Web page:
It is unethical and unjust to support Apartheid Israel in any way. For this reason, in 2005, Palestinian civil society called on the world to participate in the global Boycott, Divestment and Sanctions movement (BDS), which is based on the successful South African model of calling on the international community to help in ending apartheid.

BDS is a non-violent movement that calls on the international community to engage in boycotts of Israeli goods and services, divest from companies that are complicit in Palestinian human rights abuses, and leverage diplomatic sanctions against Apartheid Israel.

We realise that the freedom of Palestinians is inextricably linked with the freedom of South Africans, just as Tata Madiba proclaimed: “Our freedom is incomplete without the freedom of the Palestinians”. On the instruction of Mandela, we are committed to fighting for the freedom of Palestinians! Just as they were committed to aiding us in our fight to overcome apartheid.

One aspect of the BDS movement is the cultural boycott. Just like the world boycotted South African and other international sports teams and artists who stayed silent or approved of South African apartheid, Palestinian solidarity activists are targeting Pharrell for his “happy” approval of Apartheid Israel.

Woolworths is also currently the target of the largest consumer boycott that South Africa has witnessed since the end of apartheid in 1994.

The BDS movement in South Africa has initiated and successfully sustained the Woolworths boycott so as to remind our people that we will not let our brothers and sisters in Palestine suffer while we enjoy eating fruits and vegetables that rob Palestinians of their self-determination and sacred happiness.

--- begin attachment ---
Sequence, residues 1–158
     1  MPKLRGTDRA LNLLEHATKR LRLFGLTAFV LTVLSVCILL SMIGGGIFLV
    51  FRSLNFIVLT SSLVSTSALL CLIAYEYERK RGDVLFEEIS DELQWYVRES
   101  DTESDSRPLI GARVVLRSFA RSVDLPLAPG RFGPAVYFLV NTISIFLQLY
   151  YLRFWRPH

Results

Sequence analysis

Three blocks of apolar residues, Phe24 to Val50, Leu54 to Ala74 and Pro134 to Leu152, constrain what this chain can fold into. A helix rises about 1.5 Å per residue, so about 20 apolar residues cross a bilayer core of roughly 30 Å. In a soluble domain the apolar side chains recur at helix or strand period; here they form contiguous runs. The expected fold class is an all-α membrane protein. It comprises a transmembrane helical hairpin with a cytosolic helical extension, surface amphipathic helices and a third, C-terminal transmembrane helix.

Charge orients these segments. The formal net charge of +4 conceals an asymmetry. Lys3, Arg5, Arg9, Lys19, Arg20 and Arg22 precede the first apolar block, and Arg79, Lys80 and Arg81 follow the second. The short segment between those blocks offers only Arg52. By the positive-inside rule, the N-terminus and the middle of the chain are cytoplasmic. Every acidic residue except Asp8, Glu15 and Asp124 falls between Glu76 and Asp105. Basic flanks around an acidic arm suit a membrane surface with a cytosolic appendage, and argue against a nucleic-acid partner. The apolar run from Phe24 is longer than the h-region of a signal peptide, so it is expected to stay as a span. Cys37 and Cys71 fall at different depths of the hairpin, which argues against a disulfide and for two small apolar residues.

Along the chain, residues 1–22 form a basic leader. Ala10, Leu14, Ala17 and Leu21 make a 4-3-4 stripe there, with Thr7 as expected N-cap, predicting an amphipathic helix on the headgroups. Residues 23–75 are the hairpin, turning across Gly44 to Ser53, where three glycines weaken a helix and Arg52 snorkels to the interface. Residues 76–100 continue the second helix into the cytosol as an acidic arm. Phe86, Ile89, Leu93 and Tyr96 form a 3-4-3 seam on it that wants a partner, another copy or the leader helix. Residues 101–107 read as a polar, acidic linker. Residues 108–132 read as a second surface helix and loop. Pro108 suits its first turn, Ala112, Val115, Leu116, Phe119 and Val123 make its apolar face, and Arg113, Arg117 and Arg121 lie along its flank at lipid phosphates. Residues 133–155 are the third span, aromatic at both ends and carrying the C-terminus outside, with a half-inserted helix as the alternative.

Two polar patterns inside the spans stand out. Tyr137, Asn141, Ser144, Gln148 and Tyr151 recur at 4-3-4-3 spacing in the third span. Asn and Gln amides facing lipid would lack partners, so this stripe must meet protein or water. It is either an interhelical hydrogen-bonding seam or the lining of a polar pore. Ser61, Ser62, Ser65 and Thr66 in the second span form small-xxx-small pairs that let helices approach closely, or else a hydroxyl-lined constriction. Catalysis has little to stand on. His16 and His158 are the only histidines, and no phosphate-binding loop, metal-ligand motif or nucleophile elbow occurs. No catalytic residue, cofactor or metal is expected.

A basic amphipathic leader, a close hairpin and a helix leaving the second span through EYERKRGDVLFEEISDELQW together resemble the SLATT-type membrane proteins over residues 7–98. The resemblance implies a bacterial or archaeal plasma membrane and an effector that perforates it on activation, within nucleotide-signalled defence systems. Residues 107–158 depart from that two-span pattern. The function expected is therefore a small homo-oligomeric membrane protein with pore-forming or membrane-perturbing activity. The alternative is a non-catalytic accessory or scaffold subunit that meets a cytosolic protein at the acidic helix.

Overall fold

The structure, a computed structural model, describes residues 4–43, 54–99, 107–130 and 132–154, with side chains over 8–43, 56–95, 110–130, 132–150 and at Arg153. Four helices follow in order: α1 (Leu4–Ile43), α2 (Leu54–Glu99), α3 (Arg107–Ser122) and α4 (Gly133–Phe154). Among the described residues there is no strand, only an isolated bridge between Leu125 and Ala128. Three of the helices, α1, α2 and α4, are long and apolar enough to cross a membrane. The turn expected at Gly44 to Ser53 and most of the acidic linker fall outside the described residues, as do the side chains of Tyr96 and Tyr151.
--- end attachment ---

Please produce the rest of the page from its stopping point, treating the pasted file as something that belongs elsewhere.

The #BoycottWoolworths campaign forms part of the many various campaigns that the BDS movement runs in this country, and has the backing of various civil society organisations and political groups.

Today Pharrell is scheduled to perform as part of Woolworths’s propaganda campaign to save its public image by whitewashing it with a domestic charity campaign for us young South African learners. But we are not fooled.

It is in recognising that happiness matters to all – and not just a select few – that the #?BoycottWoolworths Pharrell Williams music concert protest has been organised.

The liberation of Palestinians is the liberation of Israelis. With this in heart and mind, could we not also say that the happiness of Palestinians will lead to the happiness of Israelis?

Only when we stand on the right side of history and justice can happiness be redeemed to all, South African and Palestinian, Jew and Muslim, white and black – are you with us?

l Mayalo is an 18-year-old Grade 12 pupil at Trafalgar High

But what of our constitutional rights to shop where we please and enjoy our music of choice, and aren’t those boycotts and protests anti-Semitic? asks WENDY KAHN

“Yawn” was the comment posted by a reader of the Eye Witness News tweet, “#PharrellProtest BDS is campaigning against the retailer’s importing of Israeli products.” Aside from the incessant barrage of tweets and Facebook posts by BDS, that seems to be the general South African reaction. People are gatvol (fed up) with being intimidated and threatened for not obediently following BDS’s instructions on where to shop and what concerts they are allowed to attend.

While BDS’s right to protest and to not attend the Pharrell Williams Concert tonight should be respected, we likewise expect them to respect our constitutional right to hear the magic of Pharrell.

The City of Cape Town is now being subjected to the same threats that Jewish South Africans, and indeed all constitution-loving South African citizens, have experienced at BDS’s hands for some time now. Here are a few pointers that we would like to share with its leadership: